Every soup deserves a bit of seaweed, so does every salad and casserole.  At Maine Coast Sea Vegetable Company they bake nori soaked in maple syrup and sprinkled with sesame seeds for a delicious and nutritious snack or dessert.  In whipped tofu maple cream a tiny pinch of powdered kelp adds something extra.  Scrambled tofu begs for dulse flakes, kelp, nori – whatever sea vegetable is available at the time which suits the chef’s mood.  Don’t eat baked or mashed potatoes without adding some seaweed.  Cook beans and kombu seaweed together and you’ll be pleased with the results.  Stewed tomatoes and every kind of sauce needs a bit of seaweed in some form.  Japanese wisely eat steamed and boiled sea vegetables whole and this is a good habit for Americans to acquire.  Seaweed can be eaten raw anytime.  Carry it in your pockets.  Its innumerable enzymes are enriching.  It stores well.  Organic as can be.  Survive with seaweed.  Here is a truly all-natural food.

If local purveyors can’t or won’t provide all the seaweed products you want and need, Maine Coast Sea Vegetable Company will put you in contact with nearby vendors who will, or they’ll bulk ship a case or truckload directly to you.  Individuals, chefs on land and ships at sea can only reach their maximum potential through the use of sea vegetables and the folks at MSV will gladly help with everything from recipes to drop-shipped-packages to scheduled ports-of-call.  Pentagon food buyers need to add sea vegetables to their stock for an army marches better and an air force flies better when it is nourished by vegetables from the sea.  Marines and other Navy personnel who are not sailing regularly and taking in mouthfuls of seawater need sea vegetables in their daily rations and stashed in their pockets for emergency snacks.  It is possible that prisoners are malnourished and can experience positive behavioral benefits from eating seaweeds; it’s worth a try wardens.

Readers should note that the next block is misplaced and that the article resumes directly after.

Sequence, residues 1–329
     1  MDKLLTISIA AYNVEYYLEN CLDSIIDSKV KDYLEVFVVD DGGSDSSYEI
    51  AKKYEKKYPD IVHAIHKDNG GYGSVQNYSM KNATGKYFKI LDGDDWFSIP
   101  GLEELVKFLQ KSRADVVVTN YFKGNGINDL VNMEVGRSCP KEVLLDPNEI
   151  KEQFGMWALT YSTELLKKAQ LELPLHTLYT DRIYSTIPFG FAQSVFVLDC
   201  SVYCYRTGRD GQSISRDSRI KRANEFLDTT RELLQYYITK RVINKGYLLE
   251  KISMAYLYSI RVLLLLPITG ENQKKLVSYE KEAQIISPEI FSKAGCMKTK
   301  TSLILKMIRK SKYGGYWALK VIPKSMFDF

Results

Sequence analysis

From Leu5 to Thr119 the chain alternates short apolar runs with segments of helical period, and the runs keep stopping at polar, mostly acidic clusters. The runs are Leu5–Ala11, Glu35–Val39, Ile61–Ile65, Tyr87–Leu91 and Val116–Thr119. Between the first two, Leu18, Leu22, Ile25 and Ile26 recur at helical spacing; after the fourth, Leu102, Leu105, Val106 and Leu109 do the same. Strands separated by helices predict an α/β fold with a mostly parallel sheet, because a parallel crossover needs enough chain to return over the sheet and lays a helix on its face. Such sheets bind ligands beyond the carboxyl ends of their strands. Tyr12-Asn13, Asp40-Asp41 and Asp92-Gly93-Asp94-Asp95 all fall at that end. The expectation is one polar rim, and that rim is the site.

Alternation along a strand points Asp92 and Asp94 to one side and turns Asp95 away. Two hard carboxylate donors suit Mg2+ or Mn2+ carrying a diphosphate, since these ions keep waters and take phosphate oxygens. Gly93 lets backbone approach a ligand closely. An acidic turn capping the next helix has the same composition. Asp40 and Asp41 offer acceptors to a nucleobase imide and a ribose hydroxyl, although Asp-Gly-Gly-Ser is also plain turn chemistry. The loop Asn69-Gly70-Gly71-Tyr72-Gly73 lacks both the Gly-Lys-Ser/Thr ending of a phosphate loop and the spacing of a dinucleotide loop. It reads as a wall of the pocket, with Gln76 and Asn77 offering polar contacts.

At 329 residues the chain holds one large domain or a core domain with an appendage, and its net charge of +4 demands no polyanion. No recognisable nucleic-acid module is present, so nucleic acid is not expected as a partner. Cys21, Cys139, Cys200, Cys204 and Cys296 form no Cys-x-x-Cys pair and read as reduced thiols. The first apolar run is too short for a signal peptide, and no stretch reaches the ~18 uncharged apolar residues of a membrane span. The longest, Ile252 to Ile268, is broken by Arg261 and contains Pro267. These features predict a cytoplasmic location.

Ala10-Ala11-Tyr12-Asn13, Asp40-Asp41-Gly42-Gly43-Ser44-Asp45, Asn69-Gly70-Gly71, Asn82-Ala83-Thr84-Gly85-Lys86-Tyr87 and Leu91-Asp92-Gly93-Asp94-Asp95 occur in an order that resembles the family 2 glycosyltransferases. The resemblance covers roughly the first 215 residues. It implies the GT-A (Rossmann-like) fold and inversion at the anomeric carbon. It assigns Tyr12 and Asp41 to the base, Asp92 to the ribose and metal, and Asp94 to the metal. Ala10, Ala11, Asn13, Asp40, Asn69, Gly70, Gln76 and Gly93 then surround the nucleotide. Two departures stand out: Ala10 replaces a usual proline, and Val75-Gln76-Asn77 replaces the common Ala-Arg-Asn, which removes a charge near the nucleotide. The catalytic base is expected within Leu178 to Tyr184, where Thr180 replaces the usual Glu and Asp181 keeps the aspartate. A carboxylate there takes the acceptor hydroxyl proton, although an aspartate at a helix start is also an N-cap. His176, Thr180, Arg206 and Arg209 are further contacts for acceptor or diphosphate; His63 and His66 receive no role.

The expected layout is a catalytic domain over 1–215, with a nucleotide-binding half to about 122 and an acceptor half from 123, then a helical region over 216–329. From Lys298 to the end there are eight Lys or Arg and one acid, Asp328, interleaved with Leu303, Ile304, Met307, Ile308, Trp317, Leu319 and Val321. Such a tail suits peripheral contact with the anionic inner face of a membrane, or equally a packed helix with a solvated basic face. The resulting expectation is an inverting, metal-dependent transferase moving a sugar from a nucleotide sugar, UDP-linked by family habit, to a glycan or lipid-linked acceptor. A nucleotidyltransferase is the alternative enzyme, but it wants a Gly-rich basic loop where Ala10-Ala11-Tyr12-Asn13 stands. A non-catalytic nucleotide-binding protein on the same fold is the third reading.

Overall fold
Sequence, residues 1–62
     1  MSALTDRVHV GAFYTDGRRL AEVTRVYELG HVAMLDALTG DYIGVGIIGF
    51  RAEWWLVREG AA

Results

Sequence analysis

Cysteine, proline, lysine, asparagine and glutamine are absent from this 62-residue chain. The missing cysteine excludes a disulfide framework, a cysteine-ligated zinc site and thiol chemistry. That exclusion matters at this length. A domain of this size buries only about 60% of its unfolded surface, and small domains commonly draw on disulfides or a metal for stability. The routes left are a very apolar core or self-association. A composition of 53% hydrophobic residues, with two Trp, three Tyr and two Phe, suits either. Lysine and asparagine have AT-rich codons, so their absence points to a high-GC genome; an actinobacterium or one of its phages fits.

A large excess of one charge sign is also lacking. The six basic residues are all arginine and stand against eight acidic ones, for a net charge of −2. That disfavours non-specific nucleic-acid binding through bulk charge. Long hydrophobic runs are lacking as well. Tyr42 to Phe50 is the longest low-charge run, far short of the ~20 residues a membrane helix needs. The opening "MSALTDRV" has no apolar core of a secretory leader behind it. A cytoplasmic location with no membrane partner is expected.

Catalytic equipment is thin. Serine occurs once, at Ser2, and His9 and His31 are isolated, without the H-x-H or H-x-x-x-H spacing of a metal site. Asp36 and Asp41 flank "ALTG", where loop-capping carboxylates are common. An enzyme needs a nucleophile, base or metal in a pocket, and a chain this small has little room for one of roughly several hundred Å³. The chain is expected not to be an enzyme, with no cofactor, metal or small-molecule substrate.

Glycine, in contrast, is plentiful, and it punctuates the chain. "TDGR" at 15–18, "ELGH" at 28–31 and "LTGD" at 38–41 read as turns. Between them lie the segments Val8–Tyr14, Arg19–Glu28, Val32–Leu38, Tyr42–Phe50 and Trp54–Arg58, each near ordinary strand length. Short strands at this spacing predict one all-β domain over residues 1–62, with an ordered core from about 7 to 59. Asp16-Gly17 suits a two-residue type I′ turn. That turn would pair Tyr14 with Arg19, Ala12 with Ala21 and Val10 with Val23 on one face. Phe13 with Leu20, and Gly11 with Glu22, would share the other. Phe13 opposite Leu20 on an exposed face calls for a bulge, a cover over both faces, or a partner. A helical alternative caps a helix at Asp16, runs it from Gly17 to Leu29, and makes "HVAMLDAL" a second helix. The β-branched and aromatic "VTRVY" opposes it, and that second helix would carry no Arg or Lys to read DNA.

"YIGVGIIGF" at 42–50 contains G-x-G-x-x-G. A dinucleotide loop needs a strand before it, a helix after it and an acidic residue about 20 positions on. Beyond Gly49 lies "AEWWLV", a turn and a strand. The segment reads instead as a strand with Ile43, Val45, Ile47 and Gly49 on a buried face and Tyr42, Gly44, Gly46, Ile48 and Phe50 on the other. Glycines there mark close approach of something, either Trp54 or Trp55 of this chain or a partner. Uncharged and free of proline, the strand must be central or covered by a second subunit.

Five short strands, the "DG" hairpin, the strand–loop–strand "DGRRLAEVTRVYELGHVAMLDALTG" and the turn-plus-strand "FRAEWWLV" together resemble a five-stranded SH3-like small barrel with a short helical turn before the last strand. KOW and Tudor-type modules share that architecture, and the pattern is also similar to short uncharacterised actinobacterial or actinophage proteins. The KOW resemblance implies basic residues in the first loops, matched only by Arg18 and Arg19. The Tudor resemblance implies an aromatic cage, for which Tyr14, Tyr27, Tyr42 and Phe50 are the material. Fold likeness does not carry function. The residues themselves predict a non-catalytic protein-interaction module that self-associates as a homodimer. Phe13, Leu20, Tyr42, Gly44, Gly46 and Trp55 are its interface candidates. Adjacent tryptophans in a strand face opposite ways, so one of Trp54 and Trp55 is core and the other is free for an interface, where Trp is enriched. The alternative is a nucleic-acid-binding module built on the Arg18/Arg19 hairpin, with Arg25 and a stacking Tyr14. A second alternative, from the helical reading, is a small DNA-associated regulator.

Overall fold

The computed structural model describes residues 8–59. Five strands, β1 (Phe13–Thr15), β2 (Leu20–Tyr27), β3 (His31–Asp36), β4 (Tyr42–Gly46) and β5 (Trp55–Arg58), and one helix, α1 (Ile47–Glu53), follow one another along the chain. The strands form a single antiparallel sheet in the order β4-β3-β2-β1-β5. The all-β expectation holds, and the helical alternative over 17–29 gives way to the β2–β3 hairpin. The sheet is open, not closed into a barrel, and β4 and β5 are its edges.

Maine Coast Sea Vegetables are “certified organic” by “OCIA, an international certifier” which knows its seaweeds and monitors both the harvest sources and gathered products to assure they are toxicity free as possible.  IPBN taste tests indicate MCSV products are delicious, easy to use, of reliable and superior quality.  The plastic bag packaging is attractively illustrated, informative with suggestions for use – and re-sealable with an ecologically sound hint to “Please re-use this bag.”  No finer products to be found.